• “Disney was a hero to most
    Disney was a hero to most
    Disney was a hero to most
    But he never meant shit to me, you see
    Straight up anti-Semite he was
    Simple and plain
    Mother fuck him and John Wayne
    ‘Cause I’m a Jew and I’m proud
    I’m kosher and shomer plus I’m amped
    Most of my rabbanim don’t appear on no stamps
    Sample a look back you look and find
    Nothing but goyim for 4000 years if you check
    The Passion of the Christ
    Was a number one jam
    Damn, if I see it you can slap me right here
    Let’s get this zimrah started right
    Right on, yallah
    We’ve got what to say
    Moshiach’s comin’ with no delay
    Make everybody see
    In order to fight the goyim that be

    Fight the goyim! We’ve got to fight the goyim that be!”

    What we can learn here is that if you’re angry enough, rap doesn’t really need to rhyme, or even really have a meter. If it’s declaimed forcefully enough, nobody will notice.

  • I am a Conservative convert. Unfortunately, I cannot honestly accept all that is necessary to convert Orthodox. The best example, is that I feel that prayer and observance in the company of my wife enhances my ability to reach G-d. This is true more so than any all-male minyan. I am probably more Orthodox in many ways than most Conservative Jews. I certainly respect tradition and appreciate Orthodoxy. However, due to a few issues, Orthodox Jews will always see me as a goyim. That is sad.

  • Yisrael, you’re right on.
    These divisions between Jews are total nonsense. It has nothing to do with G-d or faith or ethics, its just about power and mind control. There are some people sadly who prefer to judge people not on the content of their character and their actions but their degree of ritual and observance. The reason they do this is to attempt to control others, not for promoting ethical behaviour or belief in Hashem, but purely to further their own political/ theocratic agendas. There are other people who unfortunately think that identifying with Israel and the Jewish people and deifying the Holocaust (I know that’s on the other thread) are a substitute for prayer and ethical behaviour.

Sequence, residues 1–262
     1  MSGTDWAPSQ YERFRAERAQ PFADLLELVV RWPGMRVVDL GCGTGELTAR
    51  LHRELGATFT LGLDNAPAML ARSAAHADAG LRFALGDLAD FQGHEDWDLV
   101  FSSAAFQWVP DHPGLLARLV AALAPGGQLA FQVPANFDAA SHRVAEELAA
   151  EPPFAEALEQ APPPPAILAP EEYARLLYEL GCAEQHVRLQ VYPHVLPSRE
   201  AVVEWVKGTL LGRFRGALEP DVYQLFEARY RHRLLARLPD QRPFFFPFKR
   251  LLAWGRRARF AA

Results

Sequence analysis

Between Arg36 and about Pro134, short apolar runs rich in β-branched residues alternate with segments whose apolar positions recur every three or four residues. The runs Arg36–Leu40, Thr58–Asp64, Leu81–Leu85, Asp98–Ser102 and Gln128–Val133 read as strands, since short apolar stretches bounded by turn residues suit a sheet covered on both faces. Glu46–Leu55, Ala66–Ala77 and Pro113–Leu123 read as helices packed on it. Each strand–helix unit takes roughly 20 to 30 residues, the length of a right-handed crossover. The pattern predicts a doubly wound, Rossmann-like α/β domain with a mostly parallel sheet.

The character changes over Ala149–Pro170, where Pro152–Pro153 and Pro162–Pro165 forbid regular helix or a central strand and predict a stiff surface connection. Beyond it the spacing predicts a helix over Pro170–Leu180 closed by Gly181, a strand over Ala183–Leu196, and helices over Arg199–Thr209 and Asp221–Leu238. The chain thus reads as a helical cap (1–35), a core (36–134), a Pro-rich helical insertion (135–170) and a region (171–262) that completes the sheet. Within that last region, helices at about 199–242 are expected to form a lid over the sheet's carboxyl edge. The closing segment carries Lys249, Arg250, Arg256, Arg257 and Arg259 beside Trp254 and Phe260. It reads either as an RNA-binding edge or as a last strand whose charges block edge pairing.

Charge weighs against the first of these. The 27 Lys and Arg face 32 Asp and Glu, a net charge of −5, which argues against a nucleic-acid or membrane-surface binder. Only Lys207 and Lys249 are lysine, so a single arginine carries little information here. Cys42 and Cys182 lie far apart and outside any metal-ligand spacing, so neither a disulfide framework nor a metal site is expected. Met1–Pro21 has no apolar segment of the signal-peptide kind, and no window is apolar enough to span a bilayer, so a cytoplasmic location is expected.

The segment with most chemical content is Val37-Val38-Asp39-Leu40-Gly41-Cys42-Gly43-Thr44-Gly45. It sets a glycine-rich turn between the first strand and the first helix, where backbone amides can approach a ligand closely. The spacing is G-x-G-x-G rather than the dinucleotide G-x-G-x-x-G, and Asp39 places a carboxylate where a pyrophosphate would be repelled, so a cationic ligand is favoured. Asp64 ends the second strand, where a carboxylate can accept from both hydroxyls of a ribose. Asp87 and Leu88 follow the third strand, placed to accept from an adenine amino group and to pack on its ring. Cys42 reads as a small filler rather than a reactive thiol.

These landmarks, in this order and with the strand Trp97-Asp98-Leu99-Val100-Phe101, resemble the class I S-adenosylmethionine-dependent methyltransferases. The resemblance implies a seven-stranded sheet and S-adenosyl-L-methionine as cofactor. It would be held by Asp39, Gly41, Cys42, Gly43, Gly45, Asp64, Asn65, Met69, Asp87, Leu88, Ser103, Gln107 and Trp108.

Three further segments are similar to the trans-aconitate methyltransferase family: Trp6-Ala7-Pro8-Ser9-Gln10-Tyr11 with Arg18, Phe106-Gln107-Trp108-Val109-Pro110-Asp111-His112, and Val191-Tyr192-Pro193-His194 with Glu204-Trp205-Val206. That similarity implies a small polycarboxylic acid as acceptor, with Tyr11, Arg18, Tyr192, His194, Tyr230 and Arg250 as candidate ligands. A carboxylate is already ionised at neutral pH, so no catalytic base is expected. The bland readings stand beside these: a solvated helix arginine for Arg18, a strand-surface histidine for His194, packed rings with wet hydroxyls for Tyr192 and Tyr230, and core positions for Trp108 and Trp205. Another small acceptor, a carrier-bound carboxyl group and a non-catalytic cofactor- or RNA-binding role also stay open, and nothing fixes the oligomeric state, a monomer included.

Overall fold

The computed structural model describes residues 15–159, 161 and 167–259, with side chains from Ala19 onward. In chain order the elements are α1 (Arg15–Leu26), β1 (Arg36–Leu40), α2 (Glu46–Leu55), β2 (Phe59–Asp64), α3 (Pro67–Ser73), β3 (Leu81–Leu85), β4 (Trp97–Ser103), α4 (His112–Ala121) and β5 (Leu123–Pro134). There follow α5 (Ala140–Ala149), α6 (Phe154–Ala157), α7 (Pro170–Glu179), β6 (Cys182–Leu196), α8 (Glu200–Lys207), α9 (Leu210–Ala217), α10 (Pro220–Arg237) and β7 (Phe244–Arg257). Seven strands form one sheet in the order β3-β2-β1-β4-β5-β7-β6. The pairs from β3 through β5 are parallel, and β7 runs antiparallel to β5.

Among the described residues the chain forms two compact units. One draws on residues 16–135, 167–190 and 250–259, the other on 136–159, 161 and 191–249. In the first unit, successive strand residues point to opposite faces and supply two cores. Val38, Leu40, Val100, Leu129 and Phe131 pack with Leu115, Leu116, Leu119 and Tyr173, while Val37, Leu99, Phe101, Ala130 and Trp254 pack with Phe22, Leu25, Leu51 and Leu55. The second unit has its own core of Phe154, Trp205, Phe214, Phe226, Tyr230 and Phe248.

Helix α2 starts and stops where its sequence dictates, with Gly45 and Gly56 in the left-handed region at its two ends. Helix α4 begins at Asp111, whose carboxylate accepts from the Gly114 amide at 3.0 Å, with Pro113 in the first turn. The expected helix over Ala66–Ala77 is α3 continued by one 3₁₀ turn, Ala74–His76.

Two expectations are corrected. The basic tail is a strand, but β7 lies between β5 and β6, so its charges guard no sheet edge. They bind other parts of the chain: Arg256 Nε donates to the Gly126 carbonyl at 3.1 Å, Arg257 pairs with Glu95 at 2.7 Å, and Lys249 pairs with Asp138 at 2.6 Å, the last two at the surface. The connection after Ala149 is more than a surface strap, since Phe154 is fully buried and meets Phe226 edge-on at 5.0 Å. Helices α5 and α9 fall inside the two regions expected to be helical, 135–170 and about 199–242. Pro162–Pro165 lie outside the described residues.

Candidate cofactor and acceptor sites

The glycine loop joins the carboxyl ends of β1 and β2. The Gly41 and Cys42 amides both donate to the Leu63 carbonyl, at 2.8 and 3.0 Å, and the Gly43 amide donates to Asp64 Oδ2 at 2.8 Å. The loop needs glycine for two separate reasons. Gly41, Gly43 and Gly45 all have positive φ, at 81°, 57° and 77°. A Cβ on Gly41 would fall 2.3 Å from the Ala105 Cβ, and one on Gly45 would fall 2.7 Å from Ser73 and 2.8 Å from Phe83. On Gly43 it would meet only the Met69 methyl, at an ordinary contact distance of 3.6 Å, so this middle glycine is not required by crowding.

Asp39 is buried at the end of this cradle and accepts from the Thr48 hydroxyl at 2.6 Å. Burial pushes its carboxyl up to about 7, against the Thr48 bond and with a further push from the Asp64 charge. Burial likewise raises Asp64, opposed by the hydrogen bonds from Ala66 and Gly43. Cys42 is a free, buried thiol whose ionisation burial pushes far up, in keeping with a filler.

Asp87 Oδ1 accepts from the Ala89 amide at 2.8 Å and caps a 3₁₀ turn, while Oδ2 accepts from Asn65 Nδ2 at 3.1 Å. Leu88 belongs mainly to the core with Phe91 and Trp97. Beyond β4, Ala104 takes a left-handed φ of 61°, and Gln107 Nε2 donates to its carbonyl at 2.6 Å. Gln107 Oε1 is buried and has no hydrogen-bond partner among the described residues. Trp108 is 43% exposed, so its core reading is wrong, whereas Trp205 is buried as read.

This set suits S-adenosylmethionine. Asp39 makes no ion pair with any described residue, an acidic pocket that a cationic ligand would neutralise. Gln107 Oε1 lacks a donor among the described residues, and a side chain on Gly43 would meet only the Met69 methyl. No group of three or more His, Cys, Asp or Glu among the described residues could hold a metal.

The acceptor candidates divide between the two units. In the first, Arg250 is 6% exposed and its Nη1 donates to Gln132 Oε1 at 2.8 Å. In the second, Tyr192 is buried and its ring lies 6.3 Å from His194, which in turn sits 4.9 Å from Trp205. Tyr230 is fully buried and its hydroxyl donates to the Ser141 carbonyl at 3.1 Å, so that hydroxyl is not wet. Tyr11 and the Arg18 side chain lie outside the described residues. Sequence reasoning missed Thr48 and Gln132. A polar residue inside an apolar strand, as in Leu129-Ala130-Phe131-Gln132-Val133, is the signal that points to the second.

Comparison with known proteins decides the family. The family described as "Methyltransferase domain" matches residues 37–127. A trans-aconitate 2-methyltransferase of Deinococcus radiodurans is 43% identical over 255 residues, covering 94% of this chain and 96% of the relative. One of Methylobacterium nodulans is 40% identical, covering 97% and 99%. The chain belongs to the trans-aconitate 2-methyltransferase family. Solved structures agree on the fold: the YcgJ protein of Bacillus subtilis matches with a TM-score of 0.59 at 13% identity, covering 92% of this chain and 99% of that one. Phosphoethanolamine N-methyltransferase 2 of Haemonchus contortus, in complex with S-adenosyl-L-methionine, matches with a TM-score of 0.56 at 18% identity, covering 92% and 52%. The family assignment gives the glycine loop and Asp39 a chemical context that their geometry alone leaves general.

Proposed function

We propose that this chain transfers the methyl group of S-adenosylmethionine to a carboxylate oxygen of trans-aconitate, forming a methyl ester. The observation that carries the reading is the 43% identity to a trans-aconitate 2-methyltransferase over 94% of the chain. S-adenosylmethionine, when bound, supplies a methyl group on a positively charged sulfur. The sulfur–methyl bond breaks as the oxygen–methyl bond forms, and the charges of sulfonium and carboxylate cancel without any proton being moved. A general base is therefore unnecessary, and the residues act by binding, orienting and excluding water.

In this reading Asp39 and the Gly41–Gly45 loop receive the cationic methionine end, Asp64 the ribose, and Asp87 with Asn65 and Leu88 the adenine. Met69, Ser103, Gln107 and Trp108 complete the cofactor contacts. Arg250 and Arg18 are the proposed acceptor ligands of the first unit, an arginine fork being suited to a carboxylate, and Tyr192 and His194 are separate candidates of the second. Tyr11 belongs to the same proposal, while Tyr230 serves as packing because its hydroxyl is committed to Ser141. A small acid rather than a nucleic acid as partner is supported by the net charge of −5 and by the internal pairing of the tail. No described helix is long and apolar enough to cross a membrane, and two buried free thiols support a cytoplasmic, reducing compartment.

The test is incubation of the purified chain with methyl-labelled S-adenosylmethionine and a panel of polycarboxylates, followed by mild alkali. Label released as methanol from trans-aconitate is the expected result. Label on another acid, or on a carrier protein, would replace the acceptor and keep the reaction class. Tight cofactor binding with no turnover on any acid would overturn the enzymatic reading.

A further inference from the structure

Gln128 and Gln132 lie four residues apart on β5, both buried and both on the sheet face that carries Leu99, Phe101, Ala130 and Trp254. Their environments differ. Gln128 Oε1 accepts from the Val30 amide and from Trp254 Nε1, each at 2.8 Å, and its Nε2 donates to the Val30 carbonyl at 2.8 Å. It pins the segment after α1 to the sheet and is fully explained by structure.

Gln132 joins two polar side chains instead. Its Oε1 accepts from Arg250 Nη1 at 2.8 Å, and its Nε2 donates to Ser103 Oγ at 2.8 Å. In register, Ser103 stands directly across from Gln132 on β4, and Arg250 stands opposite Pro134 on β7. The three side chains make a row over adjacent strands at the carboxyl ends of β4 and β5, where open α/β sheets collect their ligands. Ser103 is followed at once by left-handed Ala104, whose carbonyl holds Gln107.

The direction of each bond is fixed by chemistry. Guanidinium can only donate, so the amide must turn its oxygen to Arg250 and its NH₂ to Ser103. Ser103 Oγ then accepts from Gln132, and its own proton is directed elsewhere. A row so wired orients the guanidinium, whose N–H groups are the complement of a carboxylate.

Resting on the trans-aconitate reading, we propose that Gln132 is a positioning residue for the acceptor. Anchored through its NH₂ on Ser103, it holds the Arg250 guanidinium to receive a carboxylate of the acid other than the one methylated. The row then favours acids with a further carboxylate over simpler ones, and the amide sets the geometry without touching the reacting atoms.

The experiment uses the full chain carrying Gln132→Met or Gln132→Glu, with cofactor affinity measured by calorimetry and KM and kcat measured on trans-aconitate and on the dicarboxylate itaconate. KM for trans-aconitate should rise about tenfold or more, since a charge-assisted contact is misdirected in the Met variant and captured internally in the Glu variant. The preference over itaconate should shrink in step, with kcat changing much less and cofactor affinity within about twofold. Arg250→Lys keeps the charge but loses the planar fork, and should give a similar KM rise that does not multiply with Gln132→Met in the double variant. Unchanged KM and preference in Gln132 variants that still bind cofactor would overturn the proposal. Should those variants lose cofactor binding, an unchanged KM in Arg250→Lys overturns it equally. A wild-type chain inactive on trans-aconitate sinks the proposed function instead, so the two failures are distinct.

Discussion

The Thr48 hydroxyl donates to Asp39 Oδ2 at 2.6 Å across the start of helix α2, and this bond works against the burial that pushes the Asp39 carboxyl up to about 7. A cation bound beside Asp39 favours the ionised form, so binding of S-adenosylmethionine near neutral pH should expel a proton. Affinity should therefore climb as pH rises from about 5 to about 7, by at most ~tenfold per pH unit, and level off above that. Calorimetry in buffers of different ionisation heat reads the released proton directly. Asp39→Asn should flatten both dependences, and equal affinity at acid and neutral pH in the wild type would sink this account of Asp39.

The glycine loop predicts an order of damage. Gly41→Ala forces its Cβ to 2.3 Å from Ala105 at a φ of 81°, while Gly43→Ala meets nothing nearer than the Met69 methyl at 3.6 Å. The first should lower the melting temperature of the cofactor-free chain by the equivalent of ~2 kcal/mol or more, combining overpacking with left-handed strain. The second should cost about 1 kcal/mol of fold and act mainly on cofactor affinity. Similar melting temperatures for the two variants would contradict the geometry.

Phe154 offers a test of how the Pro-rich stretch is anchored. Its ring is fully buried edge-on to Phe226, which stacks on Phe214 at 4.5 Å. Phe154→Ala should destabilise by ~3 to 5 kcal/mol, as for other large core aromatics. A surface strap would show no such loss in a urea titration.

“Who may ascend the mountain of the Lord? He who has clean hands and a pure heart…”. That’s what its all about. Prayer and ethical behaviour toward all (ie. theory and practice) are the essential things. Everything else is commentary.
    I am certain that Hashem knows that you have accepted Hashem’s Unity and Mercy, and that is all that’s only thing that is important.

  • Dave, while I appreciate the sentiment, I don’t think it’s exactly true. I’m sure your average Orthodox rabbi will readily admit that Yisrael has accepted Hashem’s unity and mercy, but accepting Hashem’s unity is not the basic requirement for Jews — it’s the basic requirement for all Bnei Adam. I don’t know a single Orthodox rabbi who, by advocating stringent conversion policies that hew to at least the last 2000 years of our tradition, is doing it out of want to “control others,” or to further their own theocratic/political agenda. They do it because they believe in the inherent holiness of Jewish tradition as it has been passed down.

    The divisions between Jews have everything to do with G-d, faith and ethics–namely, how different Jews interpret all these things. It’s pointless to pretend that the divisions are about “power,” because anyone can see that the average Reform Jew does not believe the same things about G-d, faith, or ethics as the average Orthodox Jew.

    Yisrael, don’t blame the Orthodox for not accepting you as a Jew — they are merely following their faith as they know it. If you feel that Conservative Judaism is the right path for you, then be a Conservative Jew. If you believe that Conservative Jews are following the correct path to G-d, then it shouldn’t really concern you what the Orthodox think.

    Although, just to say, you don’t have to believe every party line of Orthodox Judaism to convert Orthodox. I’m an Orthodox Jew by practice, and I don’t believe that the totality of the Torah was handed down at Sinai, and I believe in science and Darwinism and all of that. If being accepted by the whole of the Jewish people really concerns you, then (and this is just my recommendation) convert Orthodox and afterwards worship however you want. Or stay Conservative. It’s up to you. I don’t think anybody doubts the sincerity of your faith or your commitment, but as long as there are different interpretations of Judaism, a non-Orthodox convert will never be universally accepted. You just have to decide if you can live with it or not.

  • Michael, I do not question the sincerity of Orthodox Jews. I think they believe that they must demand certain things of me not to control me, but to achieve a conversion that they believe G-d will recognize.

    As far as your comment, “convert Orthodox and afterwards worship however you want,” I don’t think that is an alternative. Converting Orthodox requires a committment to certain behavior. If I make that committment knowing I will break it, then my committment is in vain. To me that would be destructive of my relationship with HaShem.

    While I think this situation is unfortunate, it is the right one.

  • Yisrael, if you are serious about Judiasm study Torah with an Orthodox rabbi, the true path will then be easy for you to follow even if it leads you away.